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Money Mindset, How Important Is It, And What’s Yours?

 January 17, 2022

By  Chase Edwards

Money is a sensitive topic for many people. It can make you feel anxious, worried, and even ashamed. But it doesn’t have to be this way. In this article, we will explore how to change your mindset about money and the ways you can make more of it.

Owning your money mindset is the first step in changing it. We all have different perceptions of what money means to us and how much we should have. Some people feel that if they don’t have much money, then they are not worth anything or good enough. Others may see having a lot of money as being greedy or selfish, so they don’t want to make any more than they need to survive.

The truth is that there are no right or wrong ways to think about money.

This study gives some insight into how most Australians view and manage their finances, and helps them manage their money more effectively.

Dollar-stretchers closely monitor their spending and frequently struggle to make ends meet.

Goal-driven savers strive to meet their savings goals, but their habits may change once they reach their goals.

Impulsive spenders seek out experiences but have no interest in long-term planning.

Habitual savers are pleased when their savings grow, and they feel safe and secure when they see their savings grow.

Dollar-stretchers are acutely aware of where their money goes. They spend most of their income on food, rent, transportation, and debt repayment, leaving little to spend on discretionary items. They have excellent budgeting skills. Additionally, they frequently use credit to cover day-to-day expenses, and their finances may worry them.

Dollar-stretchers should first consolidate loans. Pay off the smallest debt first and get new loans with lower interest rates. Starting early on, they should also start saving regularly for an emergency fund. An emergency fund is also available to them when necessary.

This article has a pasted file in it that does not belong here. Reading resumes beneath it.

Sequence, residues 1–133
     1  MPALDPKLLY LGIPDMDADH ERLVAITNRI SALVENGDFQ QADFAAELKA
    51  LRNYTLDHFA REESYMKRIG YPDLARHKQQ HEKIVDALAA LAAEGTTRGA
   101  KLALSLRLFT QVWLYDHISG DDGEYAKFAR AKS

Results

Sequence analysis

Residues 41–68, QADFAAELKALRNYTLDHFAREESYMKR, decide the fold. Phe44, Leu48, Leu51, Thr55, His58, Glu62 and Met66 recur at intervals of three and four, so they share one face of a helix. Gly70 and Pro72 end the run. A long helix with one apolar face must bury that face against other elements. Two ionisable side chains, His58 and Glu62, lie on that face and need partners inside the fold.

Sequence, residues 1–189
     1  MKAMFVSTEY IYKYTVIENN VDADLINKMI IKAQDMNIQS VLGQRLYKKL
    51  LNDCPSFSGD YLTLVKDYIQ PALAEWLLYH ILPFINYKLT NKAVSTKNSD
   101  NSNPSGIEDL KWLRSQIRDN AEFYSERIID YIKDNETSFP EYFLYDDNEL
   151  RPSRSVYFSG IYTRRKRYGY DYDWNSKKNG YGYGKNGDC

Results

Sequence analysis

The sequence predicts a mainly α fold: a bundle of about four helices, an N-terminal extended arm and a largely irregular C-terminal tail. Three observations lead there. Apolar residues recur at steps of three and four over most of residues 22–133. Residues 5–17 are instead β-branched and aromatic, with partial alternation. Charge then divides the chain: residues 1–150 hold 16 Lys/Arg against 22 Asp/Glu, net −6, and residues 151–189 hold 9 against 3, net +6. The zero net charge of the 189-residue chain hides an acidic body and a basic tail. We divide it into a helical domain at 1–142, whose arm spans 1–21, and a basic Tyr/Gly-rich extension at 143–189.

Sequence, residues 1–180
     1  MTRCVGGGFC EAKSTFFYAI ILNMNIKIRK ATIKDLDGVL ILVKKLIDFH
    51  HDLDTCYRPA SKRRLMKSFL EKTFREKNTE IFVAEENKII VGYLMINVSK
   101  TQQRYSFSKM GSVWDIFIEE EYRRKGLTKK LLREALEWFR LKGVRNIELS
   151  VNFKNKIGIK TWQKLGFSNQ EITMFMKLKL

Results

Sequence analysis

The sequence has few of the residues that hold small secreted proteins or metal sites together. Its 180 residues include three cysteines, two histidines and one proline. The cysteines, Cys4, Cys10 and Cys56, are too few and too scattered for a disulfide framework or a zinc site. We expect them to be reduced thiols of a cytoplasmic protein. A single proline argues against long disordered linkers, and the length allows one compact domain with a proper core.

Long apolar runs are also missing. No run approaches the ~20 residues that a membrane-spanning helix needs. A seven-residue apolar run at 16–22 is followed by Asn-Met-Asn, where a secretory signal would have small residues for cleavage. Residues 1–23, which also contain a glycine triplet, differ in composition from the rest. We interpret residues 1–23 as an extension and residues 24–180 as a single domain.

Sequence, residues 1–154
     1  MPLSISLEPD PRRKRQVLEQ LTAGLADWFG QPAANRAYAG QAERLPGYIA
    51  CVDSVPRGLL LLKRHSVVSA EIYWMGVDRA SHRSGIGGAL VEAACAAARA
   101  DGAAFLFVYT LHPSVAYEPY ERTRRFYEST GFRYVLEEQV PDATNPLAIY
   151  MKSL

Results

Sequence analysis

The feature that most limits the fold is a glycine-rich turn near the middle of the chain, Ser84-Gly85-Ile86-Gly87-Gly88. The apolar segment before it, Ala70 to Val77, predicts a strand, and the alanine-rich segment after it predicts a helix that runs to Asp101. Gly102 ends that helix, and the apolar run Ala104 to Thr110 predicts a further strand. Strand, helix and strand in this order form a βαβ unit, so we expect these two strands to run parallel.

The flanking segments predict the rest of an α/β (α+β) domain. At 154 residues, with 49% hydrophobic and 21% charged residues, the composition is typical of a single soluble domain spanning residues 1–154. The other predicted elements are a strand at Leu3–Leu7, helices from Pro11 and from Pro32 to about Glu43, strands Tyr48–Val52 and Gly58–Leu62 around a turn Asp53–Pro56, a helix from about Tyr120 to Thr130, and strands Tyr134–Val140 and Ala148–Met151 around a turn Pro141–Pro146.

Goal-driven savers can easily set aside money for a specific purpose, such as a holiday. When highly motivated, they will cut their expenses while increasing their income through extra shifts or side hustles. Additionally, they boost their savings with financial windfalls, such as bonuses and tax refunds. However, they may be hesitant to commit to a long-term savings goal, such as a down payment on a house. Also, unexpected expenses can prevent them from reaching their target if they do not have a savings buffer.

Goal-driven savers should create a savings plan as well as a savings goal. If they use fee-free accounts, it can be beneficial to separate the savings goal account from other accounts, such as an emergency fund and everyday accounts. When they get paid, they may either deposit a portion of it straight into a savings account or set up an automatic transfer. This will be based on what’s leftover at the end of the pay period.

Impulse spenders give priority to discretionary spending and instant gratification. In some cases, they can even forgo paying their bills. They are unlikely to have long-term financial goals and are generally motivated to reward themselves. Interestingly, they can become goal-driven savers if a goal is appealing enough to them.

Impulse spenders should refrain from making any unnecessary purchases. This is especially important during the first week of a monthly pay cycle to ensure that they have cash at the end. They need to separate their savings account from their discretionary funds. They should also leave items in their online shopping cart for three or five days to determine whether they truly want or need them.

Habitual savers live frugally and seek bargains because they want to control their lives and be secure. They allocate savings at the start of the pay cycle and are likely to “bucket” funds. They can, however, over-commit and run out of funds for day-to-day expenses. Likewise, they are most likely saving for a down payment on a house or own property and have an investment strategy. They access personal finance tips from various media and have financial role models.

Habitual savers must plan the month not to overestimate their savings. When possible, they should identify major one-time purchases to avoid unexpected expenses. A goal should be set to help them achieve their next step, such as investing.

Chase Edwards offers fully integrated Financial Strategy Services – including home loan reduction, tax reduction, debt consolidation, retirement planning, property investment.

To learn more about who we are, what we do, and how we do it, complete how Complimentary Financial Assessment and talk to the team today! 

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